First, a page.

Nigel Latta admits 'stupid' Twitter feud with Simon Bridges motivated by 'fear'

Nigel Latta and Simon Bridges.
Nigel Latta and Simon Bridges. Photo credit: Newshub.

Television psychologist Nigel Latta has written an essay reflecting on his "stupid" use of Twitter after a public war of words with National Party leader Simon Bridges.

On Sunday, Latta accused Bridges and the National Party of "embracing Trump's approach to the truth" while criticising a tweet from the political party saying New Zealand had been taken into deficit by the Labour Party. It comes after Treasury projected a $900 million deficit this financial year before surpluses return over the next four years.

Bridges replied by asking what was untrue in the tweet, to which Latta said it was disingenuous for National to be claiming it created "massive surpluses" when the country faced infrastructure issues. The party leader said the psychologist shouldn't pretend to be objective.

In a tweet on Monday, Latta said he had no desire to enter politics, despite some on Twitter suggesting it. 

"I just don't want to live in the NZ that Simon Bridges & National want to create. Instead, I believe in a NZ where all of us matter, not just some of us."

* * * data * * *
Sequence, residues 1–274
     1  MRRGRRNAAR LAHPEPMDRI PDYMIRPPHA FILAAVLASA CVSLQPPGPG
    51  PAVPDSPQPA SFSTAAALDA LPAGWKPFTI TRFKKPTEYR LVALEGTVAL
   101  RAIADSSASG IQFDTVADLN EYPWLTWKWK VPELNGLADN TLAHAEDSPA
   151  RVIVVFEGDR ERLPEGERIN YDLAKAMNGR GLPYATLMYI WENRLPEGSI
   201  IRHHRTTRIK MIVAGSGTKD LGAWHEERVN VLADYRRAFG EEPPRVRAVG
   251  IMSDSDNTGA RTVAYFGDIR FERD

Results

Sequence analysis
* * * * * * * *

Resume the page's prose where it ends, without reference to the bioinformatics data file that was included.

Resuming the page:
After several more tweets, the pair decided to call their feud off, wishing each other a merry Christmas. 

Latta has now written a reflective essay, admitting it had been a "weird couple of weeks" and that he regretted "yelling on Twitter about politics". He said it hadn't achieved anything positive.

"I reread a lot of it and it sounds like just the kind of accusatory point-scoring stuff I swore I would never say."

He said he had been accused of being an "agent" of both the right-wing and left-wing, but he disliked associating people with one of two political camps. 

"Our tendency to get tribal is natural, it's human, but it's something we have to constantly resist if we're going to solve the complex issues we're facing in the world right now," the psychologist wrote.

"Fear" was what led him to his Twitter outburst, Latta said. 

"I've been looking out at the world over recent months and honestly, it made me a little afraid. Politics in many parts of the world seems angry and intolerant, and just plain lacking in basic human kindness."

He said when he heard similar rhetoric in the New Zealand political arena, "it worried me" and he began "yelling".

Latta has now vowed to stop it and instead focus on things he cares about like fairness, equity and kindness.

"I'm not going to personally stoke the fires that divide us one from the other. There is far too much of that in the world already."

He said New Zealanders all want a country where there is an opportunity to live meaningful and satisfying lives.

"That, I believe, is the thing which ultimately unites us all".

Latta is well-known for a series of television shows looking at issues like money and crime from a psychology perspective.